|What do the Beatles, Heidi Klum, and the National Acrobats of The People's Republic of China have in common? In order to perform in the United States, they had to get approval from the government. All foreign artists and entertainers who want to work in America must go through the United States Citizenship and Immigration Services.
Foreign guest artists must normally obtain one of the following:
Each of these temporary visas is appropriate in different situations. Filing for the wrong type of visa can significantly delay an entertainer’s entrance into the country.
O-1 Visa for Individuals with Extraordinary Ability or Achievement
Individuals with an extraordinary ability in the arts or extraordinary achievement in motion picture or television industry who want to come to the United States temporarily to practice their craft are typically eligible for an O-1B Visa.
In order to obtain an O-1B Visa, the applicant must have received, or been nominated for, significant national or international awards or prizes in the particular field, such as an Academy Award, Emmy, Grammy or Director's Guild Award, or provide evidence of at least (3) three of the following requirements:
P-1B Visa for a Member of an Internationally Recognized Entertainment Group
The P-1B Visa is available to individuals coming to the United States temporarily to perform as a member of an internationally known entertainment group.
In order to qualify for a P-1B Visa, the applicant must provide evidence demonstrating:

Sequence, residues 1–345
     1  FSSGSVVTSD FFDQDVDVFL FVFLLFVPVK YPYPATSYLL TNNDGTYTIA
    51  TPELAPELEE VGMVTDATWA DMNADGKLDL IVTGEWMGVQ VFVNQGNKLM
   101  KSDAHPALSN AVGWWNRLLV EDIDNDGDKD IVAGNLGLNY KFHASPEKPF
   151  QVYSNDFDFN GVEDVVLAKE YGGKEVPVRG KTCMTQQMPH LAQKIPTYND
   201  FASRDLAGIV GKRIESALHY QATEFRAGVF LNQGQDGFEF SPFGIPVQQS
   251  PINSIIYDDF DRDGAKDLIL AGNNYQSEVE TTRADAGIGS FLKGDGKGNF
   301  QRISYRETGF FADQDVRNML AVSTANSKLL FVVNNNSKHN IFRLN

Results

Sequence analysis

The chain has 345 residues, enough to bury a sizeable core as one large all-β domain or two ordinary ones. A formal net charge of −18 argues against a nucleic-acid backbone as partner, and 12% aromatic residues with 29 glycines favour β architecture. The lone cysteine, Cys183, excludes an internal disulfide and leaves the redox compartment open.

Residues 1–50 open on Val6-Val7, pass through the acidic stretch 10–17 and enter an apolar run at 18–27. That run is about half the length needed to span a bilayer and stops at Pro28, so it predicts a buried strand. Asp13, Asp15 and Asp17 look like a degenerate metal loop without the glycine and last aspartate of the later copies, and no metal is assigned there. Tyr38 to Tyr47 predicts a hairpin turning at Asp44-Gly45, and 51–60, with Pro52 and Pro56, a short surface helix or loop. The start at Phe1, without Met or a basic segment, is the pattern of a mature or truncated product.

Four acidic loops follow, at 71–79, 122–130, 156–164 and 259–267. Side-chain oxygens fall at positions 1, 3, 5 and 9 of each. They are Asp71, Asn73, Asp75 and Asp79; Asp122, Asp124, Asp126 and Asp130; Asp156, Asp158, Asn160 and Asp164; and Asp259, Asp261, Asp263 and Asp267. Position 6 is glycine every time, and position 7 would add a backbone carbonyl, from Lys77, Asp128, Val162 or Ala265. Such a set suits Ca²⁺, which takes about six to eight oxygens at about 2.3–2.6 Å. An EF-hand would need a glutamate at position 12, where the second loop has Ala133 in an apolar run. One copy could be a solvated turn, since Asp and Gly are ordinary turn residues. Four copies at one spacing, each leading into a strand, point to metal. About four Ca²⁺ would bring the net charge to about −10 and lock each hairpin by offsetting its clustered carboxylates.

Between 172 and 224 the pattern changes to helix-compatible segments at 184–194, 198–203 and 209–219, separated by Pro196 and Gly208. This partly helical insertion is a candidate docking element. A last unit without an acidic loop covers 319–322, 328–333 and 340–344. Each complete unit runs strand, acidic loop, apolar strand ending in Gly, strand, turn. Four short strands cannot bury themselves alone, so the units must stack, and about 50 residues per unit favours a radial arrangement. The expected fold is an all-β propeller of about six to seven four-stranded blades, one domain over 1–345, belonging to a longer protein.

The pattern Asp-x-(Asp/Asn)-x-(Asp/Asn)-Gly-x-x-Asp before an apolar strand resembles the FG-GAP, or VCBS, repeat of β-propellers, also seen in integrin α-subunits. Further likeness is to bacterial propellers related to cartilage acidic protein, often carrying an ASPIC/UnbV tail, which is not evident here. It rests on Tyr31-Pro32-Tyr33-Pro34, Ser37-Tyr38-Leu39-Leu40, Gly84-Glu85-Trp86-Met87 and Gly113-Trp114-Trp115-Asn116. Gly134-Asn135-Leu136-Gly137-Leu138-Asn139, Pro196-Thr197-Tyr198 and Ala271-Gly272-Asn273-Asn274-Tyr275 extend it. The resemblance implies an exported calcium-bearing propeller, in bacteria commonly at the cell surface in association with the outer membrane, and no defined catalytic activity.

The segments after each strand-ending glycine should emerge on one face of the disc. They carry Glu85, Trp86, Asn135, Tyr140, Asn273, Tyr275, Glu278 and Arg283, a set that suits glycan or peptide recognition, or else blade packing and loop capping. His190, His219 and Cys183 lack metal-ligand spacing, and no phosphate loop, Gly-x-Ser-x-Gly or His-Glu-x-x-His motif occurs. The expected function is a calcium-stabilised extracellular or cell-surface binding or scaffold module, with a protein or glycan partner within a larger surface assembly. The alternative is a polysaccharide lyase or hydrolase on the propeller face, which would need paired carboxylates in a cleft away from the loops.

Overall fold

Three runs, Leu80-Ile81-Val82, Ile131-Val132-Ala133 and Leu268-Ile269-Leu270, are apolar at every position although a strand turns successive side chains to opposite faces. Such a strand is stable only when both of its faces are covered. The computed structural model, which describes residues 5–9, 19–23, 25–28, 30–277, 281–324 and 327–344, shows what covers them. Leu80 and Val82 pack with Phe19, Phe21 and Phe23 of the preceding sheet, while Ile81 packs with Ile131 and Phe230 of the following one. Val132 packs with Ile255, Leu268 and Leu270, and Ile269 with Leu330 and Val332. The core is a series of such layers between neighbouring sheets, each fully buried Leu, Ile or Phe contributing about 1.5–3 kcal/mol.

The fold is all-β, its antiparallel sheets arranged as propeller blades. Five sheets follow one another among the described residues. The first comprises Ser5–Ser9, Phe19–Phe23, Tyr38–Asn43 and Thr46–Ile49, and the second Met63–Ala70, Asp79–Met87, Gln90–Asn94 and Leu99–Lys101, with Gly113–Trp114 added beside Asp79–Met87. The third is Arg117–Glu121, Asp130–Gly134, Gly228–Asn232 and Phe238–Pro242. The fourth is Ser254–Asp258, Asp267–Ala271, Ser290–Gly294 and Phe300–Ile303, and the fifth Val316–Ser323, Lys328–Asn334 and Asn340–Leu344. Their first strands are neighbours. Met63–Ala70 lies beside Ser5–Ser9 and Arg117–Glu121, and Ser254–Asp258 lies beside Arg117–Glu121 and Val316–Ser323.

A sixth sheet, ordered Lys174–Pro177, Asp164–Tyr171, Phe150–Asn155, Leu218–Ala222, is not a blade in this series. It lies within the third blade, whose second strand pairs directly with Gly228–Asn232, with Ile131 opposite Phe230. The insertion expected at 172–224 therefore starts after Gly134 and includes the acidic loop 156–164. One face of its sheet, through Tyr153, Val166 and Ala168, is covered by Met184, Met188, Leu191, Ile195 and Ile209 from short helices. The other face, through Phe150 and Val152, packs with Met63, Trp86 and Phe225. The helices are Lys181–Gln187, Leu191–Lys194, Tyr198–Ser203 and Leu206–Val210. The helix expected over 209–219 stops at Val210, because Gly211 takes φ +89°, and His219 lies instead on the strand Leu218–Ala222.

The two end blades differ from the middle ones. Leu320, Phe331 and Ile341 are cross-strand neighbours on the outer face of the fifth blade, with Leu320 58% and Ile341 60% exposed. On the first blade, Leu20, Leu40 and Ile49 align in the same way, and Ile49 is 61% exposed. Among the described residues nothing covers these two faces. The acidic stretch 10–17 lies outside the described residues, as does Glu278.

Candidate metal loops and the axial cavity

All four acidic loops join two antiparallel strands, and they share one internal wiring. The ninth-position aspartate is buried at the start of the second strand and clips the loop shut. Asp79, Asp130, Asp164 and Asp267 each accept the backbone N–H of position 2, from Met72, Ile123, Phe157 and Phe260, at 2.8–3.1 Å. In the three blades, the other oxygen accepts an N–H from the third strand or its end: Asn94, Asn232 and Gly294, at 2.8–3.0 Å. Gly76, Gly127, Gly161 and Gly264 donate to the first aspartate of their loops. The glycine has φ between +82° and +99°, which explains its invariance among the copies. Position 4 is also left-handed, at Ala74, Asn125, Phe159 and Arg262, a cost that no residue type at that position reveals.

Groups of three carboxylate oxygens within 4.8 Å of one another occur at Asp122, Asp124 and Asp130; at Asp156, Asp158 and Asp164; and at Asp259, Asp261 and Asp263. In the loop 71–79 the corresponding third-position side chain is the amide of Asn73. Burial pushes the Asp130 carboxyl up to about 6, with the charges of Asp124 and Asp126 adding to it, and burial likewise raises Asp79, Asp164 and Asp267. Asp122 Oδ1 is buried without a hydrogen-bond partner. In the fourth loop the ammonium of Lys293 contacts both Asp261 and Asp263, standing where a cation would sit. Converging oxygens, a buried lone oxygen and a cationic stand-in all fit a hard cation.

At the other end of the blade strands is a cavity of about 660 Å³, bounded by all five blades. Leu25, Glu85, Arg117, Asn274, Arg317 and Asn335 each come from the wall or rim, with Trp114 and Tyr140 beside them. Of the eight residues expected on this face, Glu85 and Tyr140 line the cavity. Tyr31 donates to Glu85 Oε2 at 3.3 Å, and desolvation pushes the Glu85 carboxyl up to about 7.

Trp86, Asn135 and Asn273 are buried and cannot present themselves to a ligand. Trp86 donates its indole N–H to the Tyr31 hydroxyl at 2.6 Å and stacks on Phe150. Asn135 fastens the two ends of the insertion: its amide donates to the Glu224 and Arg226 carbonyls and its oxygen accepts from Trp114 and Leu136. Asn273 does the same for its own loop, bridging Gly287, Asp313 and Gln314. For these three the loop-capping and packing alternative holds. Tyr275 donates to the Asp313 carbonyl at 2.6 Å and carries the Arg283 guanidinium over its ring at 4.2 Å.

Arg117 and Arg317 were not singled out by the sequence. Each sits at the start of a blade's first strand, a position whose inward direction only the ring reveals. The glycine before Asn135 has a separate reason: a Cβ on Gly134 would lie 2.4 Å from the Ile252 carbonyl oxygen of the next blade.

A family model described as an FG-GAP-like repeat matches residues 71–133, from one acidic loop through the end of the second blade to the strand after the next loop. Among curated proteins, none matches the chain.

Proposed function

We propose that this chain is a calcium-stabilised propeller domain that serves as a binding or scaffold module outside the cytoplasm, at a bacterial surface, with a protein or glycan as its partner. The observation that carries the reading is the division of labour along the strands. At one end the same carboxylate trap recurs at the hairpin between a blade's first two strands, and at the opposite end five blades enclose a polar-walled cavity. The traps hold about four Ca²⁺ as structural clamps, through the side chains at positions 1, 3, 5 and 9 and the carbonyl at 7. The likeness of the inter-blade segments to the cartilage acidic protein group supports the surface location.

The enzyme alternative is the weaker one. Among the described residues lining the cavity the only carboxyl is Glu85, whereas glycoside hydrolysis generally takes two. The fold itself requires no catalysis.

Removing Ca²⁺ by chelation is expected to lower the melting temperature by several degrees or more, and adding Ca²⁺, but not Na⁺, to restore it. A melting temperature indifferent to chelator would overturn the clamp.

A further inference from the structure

P-2 Visa for an Individual Performer or Part of a Group Entering to Perform Under a Reciprocal Exchange Program
The P-2 Visa is infrequently granted. It is available only to artists and entertainers participating in a bilateral, reciprocal exchange program between an entity in the U.S. and an entity in a given foreign country. There are very few programs in existence whose participants qualify for P-2 Visas
P-3 Visa for an Artist or Entertainer Coming to Be Part of a Culturally Unique Program
Entertainers coming to the United States either individually or as a group for the purpose of developing, interpreting, representing, coaching, or teaching a unique or traditional ethnic, folk, cultural, musical, theatrical, or artistic performance or presentation are eligible for a P-3 Visa.
Although the program bringing the entertainer to the United States can be commercial or noncommercial nature, it is essential that the program further the understanding or development of the art form practiced by the entertainer.
Families & Support Personnel
The immigration law recognizes that entertainers do not often travel alone. Necessary support staff and certain family members, specifically spouses and unmarried children under the age of 21, may often obtain visas allowing them to accompany entertainers temporarily working in the United States.
If you are a performing entertainer seeking to enter the United States, you need the advice of an experienced immigration attorney to determine which visa to apply for and to guide you through the process. Contact us today for a consultation